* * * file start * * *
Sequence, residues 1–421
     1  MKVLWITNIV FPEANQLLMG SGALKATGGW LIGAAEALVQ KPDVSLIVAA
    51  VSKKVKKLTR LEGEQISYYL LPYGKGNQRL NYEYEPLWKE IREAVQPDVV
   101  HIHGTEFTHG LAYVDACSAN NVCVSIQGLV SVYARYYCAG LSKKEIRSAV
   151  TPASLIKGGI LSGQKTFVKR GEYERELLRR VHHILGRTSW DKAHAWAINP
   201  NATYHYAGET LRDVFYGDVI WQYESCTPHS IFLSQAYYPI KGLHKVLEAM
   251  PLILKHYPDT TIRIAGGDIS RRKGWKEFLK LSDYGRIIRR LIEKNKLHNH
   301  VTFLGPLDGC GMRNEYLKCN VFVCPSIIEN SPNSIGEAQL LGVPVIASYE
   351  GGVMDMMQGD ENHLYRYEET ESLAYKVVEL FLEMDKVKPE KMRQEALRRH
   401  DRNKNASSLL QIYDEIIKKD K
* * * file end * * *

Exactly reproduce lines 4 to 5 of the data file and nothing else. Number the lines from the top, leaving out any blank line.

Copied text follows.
   101  HIHGTEFTHG LAYVDACSAN NVCVSIQGLV SVYARYYCAG LSKKEIRSAV
   151  TPASLIKGGI LSGQKTFVKR GEYERELLRR VHHILGRTSW DKAHAWAINP